But now I was rattled and I let the last climb get in my head. Something that hasn’t happened in a while. There was another stop and then some walking up the hill. I’d forgotten how much that sucks and vowed not to do it any more. I also realized that one of my gel flasks that I’d thought was half full was in fact a quarter full and I was down to one gel flask. So much for testing nutrition! Throw in some getting lost and today was turning into a real comedy of errors. Awesome race prep. 😦

As I was riding on the lovely multi-use path section of the ride, there’s a sign announcing that the trail is closed ahead. Since I have no idea where I am, or how to get where I need to go save for on this path, I’m reduced to praying that the path will end after my turn. No such luck, I reach the closure with still a little ways to go. Good news: there’s a detour! Bad news: it involves riding the wrong way on the shoulder of a busy 2-lane highway. Followed by this:

Honestly, this actually made me laugh out loud. Talk about “duh!” Since I was running way later than expected and nearly out of food and water with another two hours of riding ahead of me, I made an executive decision to call the boy and change our meeting spot to a shorter ride. I was sad not to get the distance I’d originally planned on, but since the main point was to test my race nutrition, it didn’t seem sensible to buy food I wouldn’t have access to on race day, in order to ride a distance I wasn’t worried about.

It took a couple of tries to reach the boy, but “luckily” I missed a few more turns of my route, so I had plenty of chances to stop and call him. 😉 But I did finally reach him and arranged for him to meet me in Issaquah. Luckily, the last section of climbing is just long and not particularly steep. Plus it ends in the FUNNEST DESCENT EVER!!! And while I was feeling the lack of hydration and calories, my legs actually felt fine.

The best part of the decision to meet in Issaquah was the proximity to this:

Home of giant root beer floats, the perfect reward for a 15 mile run or a hot and frustrating bike ride:

So, now I’m trying to manage my expectations for Leadman. It could be a total disaster. I think, like T, I’ll have to reframe it to be more of an “experience” and just do the best I can. And look forward to tracking down a giant root beer float in Bend. 🙂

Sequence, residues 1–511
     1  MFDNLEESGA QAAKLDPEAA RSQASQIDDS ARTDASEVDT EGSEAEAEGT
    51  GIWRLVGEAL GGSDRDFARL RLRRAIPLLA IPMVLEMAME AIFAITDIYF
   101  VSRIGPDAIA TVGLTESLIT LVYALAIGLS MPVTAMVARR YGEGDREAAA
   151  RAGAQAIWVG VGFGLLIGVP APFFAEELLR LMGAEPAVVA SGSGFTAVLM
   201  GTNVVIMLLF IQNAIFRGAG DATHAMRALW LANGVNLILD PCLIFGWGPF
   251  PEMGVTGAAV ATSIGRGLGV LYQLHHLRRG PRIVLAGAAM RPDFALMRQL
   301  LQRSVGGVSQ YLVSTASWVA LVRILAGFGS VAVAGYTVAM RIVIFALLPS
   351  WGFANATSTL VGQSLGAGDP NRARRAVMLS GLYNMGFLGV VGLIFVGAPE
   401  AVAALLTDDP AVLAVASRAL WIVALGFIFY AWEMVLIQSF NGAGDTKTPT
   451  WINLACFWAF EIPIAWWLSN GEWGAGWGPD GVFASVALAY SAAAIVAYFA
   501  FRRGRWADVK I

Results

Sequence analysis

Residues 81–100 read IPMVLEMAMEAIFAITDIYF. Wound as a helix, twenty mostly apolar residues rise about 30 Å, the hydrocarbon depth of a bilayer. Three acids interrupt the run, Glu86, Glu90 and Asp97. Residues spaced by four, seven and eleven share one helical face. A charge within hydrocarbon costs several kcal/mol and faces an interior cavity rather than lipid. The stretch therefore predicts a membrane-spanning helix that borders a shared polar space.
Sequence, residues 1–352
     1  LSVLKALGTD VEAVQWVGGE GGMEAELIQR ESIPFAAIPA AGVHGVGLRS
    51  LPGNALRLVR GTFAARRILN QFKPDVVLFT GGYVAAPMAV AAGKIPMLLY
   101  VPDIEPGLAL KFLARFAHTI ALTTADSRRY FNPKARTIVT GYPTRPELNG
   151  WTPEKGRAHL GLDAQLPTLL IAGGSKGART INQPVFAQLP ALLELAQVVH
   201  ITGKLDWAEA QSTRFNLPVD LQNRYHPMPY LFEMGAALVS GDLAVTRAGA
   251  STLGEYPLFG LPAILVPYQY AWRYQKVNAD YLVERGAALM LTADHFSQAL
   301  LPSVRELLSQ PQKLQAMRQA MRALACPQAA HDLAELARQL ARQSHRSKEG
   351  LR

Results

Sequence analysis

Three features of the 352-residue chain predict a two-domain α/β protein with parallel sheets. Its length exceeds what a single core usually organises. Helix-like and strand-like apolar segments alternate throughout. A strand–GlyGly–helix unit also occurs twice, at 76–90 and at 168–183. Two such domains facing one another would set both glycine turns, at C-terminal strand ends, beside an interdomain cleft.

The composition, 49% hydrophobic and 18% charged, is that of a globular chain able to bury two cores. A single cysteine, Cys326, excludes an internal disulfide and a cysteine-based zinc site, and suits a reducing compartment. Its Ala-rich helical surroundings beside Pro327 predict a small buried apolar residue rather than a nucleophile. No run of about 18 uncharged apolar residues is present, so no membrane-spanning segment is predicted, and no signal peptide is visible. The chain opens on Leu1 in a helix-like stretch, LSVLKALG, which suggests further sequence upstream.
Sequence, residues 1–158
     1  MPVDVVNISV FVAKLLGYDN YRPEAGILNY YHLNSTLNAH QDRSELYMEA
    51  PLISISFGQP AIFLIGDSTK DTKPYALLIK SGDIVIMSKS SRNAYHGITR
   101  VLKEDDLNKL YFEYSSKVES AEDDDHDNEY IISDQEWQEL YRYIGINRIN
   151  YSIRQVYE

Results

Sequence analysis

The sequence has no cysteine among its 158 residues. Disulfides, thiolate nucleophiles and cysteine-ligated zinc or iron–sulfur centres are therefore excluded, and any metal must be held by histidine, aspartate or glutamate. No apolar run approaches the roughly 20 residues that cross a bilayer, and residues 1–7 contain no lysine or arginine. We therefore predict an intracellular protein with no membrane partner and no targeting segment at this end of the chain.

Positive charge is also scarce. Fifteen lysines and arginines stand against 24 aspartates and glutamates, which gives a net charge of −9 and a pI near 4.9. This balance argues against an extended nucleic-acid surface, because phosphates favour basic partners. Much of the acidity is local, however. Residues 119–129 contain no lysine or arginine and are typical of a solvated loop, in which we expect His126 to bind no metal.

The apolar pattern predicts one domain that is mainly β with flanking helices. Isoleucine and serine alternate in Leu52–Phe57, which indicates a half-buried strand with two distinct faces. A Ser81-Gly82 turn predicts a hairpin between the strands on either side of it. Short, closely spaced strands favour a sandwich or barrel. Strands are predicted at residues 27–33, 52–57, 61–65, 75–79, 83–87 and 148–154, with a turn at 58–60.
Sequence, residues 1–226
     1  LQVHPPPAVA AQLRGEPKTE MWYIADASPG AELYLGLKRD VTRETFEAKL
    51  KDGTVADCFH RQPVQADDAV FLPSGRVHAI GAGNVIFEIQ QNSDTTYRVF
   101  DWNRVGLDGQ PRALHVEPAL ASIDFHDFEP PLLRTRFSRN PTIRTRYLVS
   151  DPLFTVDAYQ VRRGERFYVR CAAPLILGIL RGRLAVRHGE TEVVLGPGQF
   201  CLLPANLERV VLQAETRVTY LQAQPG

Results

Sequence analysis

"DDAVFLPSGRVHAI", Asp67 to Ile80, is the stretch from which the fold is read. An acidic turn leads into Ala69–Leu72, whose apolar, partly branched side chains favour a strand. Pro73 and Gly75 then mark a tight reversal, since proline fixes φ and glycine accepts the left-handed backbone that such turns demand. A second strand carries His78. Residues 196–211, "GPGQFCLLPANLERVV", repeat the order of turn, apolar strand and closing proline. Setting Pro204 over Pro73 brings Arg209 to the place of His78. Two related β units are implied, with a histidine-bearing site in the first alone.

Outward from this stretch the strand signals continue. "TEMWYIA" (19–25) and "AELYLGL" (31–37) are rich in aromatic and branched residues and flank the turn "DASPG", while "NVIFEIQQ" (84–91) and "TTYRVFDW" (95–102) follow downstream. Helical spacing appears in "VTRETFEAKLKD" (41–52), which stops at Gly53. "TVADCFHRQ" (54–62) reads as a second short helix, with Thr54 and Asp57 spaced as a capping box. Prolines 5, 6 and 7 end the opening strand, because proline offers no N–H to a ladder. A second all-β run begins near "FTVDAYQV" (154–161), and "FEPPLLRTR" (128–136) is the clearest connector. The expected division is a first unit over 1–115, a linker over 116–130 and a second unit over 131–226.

Special bonus day

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Today was supposed to be my long ride day. I am trying to hold onto to some of my riding fitness, since it’s about the only activity I’ve done with any consistency this summer. So T & I dutifully suited up and hit the road to ride a loop of the Ironman course. As we rode through downtown, I was extremely bitter about the beautiful calm lake with no wind. Why couldn’t that have been yesterday? Grr… The more I rode, the sadder I got about not getting a good long swim in while we were here. I could do one before we left in the morning, but then I’d have a gross wetsuit moldering in my trunk and it wouldn’t be relaxing. Finally, I made T pull over to look at our route and discuss the situation.

He reasonably pointed out that I was far more concerned with my swim than I was with my bike and that it would be fine to do a shorter ride and a swim instead. I felt guilty about calling the long ride, but agreed that the swim needed more work. Plus, I’d feel a lot better about Leadman if I could do an hour of uninterrupted open water swimming, rather than the laps of Green Lake that I usually do. To make life easier on T, I just walked across the street to the dock that the folks renting us the house owned. It was sort of weird to stare at a view like this with the idea of just swimming along the shore for half an hour and then turning around:

I’ve swum across lakes a number of times, but never just an out and back with no destination in mind. (That was not an option here with all of the boats, even if I went to a part of the lake where the distance was reasonable.) It was odd. It’s also a bit unnerving to be swimming along in a giant lake with motorized boats and jet-skis and whatnot. I was staying fairly close to shore, but I still kept stopping to make sure I wasn’t about to be run over by a jet-ski or something. Thankfully, nothing even came close to me and it was a nice peaceful swim.

Afterward, I walked back across the street to the house, grabbed the boy and we got on our bikes for a little bike ride. We just stayed on the Centennial Trail heading west and had a gorgeous ride. They do something cool on the trail and label most of the hills with the percentage of grade (i.e. 8%, etc.) It was very validating to know exactly how big the hill you just climbed was and helpful to know exactly what you were facing heading back. I (sort of) wish that they’d do that around here with all of our hills. Plus, because the trail was pretty uncrowded, I could stay in my aerobars and hammer along. Combined with the fact of it being after a long open water swim, it was great race practice and a chance to test out a new gel that I’d picked up in Spokane.

We got cleaned up and hung out back at the house for a few hours, catching up with M & J on their adventures. Then headed to a local brew-pub that we think is connected to one that we go to here in Seattle. They had an unusual condiment on the table:

I ordered the world’s largest turkey burger:

And we stepped out of the restaurant to see a lovely sunset:

We then went to Safeway and bought way too many dessert items (a frozen pie and three pints of ice cream!), some of which we ate while playing a DIY version of Mexican Dominos with the regular box of dominos we’d bought in town. It was a fun way to end a very enjoyable weekend. Tomorrow, we head back to real life. Hopefully, the effects of a fun, relaxing weekend will carry me through the rest of the week.